For bolts that will be reused, we typically aim to tension to about 75% of the fastener’s proof load, or elastic limit. For single use fasteners (torque-to-yield bolts) such as engine head bolts, we typically torque to 90-95% of the proof load. The size of the fastener, the grade of the fastener, and the thread type (fine or coarse) determine the appropriate torque value. These values must be included in the fit, tolerance, quantity, and quality details for all maintenance instructions.

While we apply torque and measure the force with a torque wrench, the goal is to achieve tension on the threads—and torque doesn’t always equate to tension.

The formula for calculating required torque includes the “K” factor to account for friction. Most torque charts include values for lubricated and non-lubricated fasteners. (Forget the non-lubricated value. It’s guesswork, at best.) As much as 90% of the torque applied is lost to friction.

Frictional losses starve the threads of the tension they need to create a securely fastened joint. About half of the frictional force is lost in the threads and the other half is lost on the nut face. (NOTE: it’s best to keep a bolt static and turn the nut when tightening a fastener.)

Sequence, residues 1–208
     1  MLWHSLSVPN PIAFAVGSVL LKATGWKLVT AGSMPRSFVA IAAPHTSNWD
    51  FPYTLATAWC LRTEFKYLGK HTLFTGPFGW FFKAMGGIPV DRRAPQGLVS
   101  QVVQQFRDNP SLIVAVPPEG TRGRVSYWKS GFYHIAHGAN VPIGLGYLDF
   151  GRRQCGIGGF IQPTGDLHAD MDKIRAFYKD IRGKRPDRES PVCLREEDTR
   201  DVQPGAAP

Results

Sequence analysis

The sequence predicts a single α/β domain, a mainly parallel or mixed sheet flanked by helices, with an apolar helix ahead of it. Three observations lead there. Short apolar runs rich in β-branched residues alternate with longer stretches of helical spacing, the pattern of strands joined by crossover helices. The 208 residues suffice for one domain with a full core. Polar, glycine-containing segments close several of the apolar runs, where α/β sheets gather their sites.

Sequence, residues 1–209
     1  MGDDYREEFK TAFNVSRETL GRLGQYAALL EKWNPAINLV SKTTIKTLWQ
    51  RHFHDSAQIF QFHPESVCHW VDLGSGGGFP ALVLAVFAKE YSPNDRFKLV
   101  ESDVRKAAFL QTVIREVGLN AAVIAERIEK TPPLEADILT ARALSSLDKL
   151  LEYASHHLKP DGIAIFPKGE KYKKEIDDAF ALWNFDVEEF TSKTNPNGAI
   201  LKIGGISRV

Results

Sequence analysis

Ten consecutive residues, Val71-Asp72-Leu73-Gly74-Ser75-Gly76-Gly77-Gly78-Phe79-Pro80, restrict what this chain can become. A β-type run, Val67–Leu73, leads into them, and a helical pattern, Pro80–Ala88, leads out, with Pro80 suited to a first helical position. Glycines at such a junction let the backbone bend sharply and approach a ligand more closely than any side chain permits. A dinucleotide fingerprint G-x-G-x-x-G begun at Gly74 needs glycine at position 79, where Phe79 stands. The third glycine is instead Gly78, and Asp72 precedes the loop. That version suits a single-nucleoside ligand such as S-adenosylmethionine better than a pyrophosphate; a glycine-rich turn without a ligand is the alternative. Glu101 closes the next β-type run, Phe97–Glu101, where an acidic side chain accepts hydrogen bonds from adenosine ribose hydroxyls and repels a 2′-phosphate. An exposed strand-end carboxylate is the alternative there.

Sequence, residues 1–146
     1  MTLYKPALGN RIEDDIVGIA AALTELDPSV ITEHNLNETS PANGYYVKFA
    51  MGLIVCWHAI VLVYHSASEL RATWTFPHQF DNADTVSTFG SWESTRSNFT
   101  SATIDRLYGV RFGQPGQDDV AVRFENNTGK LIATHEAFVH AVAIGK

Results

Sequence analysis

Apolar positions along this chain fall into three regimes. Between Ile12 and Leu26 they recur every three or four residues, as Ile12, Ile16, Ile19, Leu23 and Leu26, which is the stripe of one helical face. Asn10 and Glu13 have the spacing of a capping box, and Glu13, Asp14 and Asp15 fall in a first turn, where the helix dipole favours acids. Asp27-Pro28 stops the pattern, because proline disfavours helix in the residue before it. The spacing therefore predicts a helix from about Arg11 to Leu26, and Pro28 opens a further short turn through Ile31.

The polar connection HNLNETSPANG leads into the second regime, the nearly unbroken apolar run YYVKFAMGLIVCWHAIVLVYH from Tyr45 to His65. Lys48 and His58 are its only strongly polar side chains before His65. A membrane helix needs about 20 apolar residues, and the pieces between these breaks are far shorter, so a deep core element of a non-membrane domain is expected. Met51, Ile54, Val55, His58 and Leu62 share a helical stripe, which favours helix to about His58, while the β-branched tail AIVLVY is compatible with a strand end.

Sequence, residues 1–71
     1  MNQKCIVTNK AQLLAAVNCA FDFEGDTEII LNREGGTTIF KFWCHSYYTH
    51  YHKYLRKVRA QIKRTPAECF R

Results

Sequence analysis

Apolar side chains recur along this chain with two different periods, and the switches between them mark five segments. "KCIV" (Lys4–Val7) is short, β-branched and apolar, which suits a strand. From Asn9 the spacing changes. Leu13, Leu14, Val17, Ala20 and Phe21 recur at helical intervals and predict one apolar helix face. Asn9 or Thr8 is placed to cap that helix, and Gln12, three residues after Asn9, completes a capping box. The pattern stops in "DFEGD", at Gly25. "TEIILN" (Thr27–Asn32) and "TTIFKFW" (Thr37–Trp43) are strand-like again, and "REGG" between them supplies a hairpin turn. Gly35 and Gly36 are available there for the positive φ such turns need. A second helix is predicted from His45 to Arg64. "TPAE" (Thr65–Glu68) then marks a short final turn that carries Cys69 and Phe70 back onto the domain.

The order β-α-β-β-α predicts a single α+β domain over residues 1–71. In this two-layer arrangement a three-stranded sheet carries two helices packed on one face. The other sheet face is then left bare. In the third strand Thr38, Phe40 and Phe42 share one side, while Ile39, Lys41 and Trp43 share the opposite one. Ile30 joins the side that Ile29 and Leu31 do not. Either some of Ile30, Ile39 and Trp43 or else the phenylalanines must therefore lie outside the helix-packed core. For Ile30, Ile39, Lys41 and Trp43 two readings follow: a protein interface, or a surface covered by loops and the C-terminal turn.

In light of the frictional-force loss in the threads and on the nut face, work instructions must direct the maintainer to apply lubricant to the threads AND nut face. Machine oil is acceptable. Extreme-pressure (EP) gear oil is better. A good molybdenum disulfide thread lubricant or nickel anti-seize, though, is best for controlling tension and creating a strong, tight fastened joint. (NOTE: It’s a good practice to clean and de-bur the threads prior to applying the lubricant.)

Most fastened joints involve multiple fasteners. It’s very important for maintenance-work instructions specify the sequence in which such fasteners are tightened to prevent possible soft- soft-foot issues in equipment and leaks in pipe flanges.

First, we must specify the geometrical sequence. Tighten the fasteners using a geometrical crisscross pattern to ensure that the force is applied evenly.